Given capacitors connected in series with capacitances C_1, \ldots, C_n, it is possible to replace all of them with an equivalent series capacitance \frac 1 {C_{eq}} = \frac 1 {C_1} + \ldots + \frac 1 {C_n}. This is similar to the formula for equivalent resistance for resistors in parallel. As a result, we can use the product-over-sum rule for two series capacitors C_1 and C_2, \frac{C_1 C_2}{C_1 + C_2}.

Given capacitors connected in parallel with capacitances C_1, \ldots, C_n, it is possible to replace all of them with an equivalent parallel capacitance C_{eq} = C_1 + \ldots + C_n. This is similar to the formula for equivalent resistance for resistors in series.


Inductors store energy in magnetic fields. An inductor is a two terminal device that is made up of a conductive coil, optionally with a core of ferromagnetic material.

When current flows into one end of an inductor, it flows out the other end, in the process creating a magnetic field in the coil. When the current flowing through it changes, then the ;wip

Inductors have inductance (L), which is measured in Henry (H), which is the ability to resist changes in current.

A 1 H inductor is one such that when the current changes by 1 A per second, the voltage across the inductor is 1 V.

Inductance is governed by V(t) = L\frac{\dee I(t)}{\dee t}, where V(t) is the voltage across the inductor, I is the current flowing through the inductor, and L is the inductance.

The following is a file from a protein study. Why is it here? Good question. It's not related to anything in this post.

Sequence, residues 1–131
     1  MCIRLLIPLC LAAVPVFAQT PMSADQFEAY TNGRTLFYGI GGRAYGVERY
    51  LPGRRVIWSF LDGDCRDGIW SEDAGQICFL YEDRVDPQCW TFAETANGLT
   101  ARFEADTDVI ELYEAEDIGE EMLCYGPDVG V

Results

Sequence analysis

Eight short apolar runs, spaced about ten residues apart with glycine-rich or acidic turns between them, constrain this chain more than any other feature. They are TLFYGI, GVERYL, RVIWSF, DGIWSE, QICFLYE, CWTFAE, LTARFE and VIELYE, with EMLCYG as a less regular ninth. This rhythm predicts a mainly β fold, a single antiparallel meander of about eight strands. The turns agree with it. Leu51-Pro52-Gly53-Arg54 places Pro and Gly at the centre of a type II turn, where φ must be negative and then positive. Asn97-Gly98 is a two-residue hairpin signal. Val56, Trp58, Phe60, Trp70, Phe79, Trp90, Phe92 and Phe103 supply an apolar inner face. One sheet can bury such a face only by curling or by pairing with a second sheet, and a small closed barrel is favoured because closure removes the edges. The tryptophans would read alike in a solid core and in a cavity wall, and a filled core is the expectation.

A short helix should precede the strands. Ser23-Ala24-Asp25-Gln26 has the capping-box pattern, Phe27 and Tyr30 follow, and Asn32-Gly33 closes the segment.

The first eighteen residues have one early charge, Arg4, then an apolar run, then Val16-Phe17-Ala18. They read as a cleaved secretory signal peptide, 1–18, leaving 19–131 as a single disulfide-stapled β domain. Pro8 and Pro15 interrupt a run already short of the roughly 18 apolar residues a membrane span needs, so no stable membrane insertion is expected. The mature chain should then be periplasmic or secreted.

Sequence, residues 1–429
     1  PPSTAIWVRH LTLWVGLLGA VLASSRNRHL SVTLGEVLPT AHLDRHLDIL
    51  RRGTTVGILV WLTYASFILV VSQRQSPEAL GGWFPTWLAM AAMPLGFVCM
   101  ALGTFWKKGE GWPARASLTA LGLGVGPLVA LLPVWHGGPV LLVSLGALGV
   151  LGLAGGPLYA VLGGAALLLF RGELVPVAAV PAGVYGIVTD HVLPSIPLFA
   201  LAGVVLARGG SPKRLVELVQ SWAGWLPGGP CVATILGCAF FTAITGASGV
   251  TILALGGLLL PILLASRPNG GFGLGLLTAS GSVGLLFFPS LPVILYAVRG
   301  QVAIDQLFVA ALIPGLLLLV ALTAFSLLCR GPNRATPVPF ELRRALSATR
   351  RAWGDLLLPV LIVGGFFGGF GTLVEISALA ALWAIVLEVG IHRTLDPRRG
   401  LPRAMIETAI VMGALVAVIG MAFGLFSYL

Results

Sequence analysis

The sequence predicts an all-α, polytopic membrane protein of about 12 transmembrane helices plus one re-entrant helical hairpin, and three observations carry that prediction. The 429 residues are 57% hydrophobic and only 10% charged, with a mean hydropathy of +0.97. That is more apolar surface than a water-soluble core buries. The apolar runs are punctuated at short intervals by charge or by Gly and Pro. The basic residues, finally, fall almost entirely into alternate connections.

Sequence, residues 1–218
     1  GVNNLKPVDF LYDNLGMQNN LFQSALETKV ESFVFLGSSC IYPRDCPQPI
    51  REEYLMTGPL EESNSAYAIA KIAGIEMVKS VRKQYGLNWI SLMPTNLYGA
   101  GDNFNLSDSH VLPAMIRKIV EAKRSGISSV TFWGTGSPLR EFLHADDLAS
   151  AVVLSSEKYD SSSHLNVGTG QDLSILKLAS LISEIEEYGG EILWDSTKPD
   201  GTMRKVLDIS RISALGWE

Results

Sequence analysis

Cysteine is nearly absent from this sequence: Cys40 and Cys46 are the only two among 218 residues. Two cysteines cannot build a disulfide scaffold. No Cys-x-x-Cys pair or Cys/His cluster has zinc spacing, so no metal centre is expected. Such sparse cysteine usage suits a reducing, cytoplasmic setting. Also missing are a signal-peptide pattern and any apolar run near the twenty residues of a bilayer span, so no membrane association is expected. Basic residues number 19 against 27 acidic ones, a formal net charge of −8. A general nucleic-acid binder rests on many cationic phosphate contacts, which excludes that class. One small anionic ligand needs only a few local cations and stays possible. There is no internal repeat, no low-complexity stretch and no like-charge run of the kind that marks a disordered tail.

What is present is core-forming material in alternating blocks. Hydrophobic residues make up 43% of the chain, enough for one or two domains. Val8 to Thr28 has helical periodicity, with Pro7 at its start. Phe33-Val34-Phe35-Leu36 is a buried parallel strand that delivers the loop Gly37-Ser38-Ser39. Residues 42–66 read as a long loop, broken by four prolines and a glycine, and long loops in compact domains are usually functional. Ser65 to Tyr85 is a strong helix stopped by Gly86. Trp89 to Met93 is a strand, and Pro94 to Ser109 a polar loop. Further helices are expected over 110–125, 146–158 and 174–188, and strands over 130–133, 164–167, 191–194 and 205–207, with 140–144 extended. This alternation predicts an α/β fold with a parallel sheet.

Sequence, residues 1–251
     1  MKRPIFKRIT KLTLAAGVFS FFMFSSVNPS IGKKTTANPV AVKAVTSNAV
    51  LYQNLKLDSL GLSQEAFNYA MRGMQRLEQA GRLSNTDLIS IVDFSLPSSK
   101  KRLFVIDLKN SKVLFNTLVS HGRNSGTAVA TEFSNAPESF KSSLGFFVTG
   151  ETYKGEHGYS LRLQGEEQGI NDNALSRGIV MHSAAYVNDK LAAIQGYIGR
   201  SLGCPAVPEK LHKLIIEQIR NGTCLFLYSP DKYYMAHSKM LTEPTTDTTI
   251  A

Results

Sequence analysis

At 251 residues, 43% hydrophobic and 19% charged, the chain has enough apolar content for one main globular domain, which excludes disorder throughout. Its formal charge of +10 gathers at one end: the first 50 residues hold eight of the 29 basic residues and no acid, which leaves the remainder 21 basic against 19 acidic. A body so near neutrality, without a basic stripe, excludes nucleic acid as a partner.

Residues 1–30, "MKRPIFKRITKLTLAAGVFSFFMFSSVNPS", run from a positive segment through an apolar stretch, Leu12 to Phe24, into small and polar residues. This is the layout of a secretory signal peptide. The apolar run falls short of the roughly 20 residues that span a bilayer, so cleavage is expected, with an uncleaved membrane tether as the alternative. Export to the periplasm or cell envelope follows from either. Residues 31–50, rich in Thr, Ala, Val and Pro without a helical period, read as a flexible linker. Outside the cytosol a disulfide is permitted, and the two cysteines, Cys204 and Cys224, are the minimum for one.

So if V(t) is constant, \frac{\dee I(t)}{\dee t} is constant and V = L\frac{I_f - I_i}{t_f - t_i}.

Since L = \frac{V(t)}{\frac{\dee I(t)}{\dee t}}, the current can never change instantaneously. The inductor will slowly let the current change over time, even if there is a current source trying to change it instantaneously.

If the current is increasing, the voltage is positive between the end the current is going into and the end it is coming out of. If the current is decreasing, the voltage is negative. This is because the inductor always outputs voltage trying to prevent the current from changing.

The power in an inductor is P(t) = V(t) I(t) = L\frac{\dee I(t)}{\dee t} I(t). So the energy in a capacitor is W(t) = \int_0^t L I(t)\frac{\dee I(t)}{\dee t} \dee t = L \int I(t) \dee I(t) = \frac 1 2 L I(t)^2.